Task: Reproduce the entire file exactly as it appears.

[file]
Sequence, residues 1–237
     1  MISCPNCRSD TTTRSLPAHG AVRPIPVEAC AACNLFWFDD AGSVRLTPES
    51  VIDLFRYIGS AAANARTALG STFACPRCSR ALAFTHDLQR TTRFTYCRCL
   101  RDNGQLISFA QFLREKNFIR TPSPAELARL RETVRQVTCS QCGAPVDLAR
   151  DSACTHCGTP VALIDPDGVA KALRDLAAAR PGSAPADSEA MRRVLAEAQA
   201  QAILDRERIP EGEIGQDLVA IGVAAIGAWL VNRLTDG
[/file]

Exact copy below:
Sequence, residues 1–237
     1  MISCPNCRSD TTTRSLPAHG AVRPIPVEAC AACNLFWFDD AGSVRLTPES
    51  VIDLFRYIGS AAANARTALG STFACPRCSR ALAFTHDLQR TTRFTYCRCL
   101  RDNGQLISFA QFLREKNFIR TPSPAELARL RETVRQVTCS QCGAPVDLAR
   151  DSACTHCGTP VALIDPDGVA KALRDLAAAR PGSAPADSEA MRRVLAEAQA
   201  QAILDRERIP EGEIGQDLVA IGVAAIGAWL VNRLTDG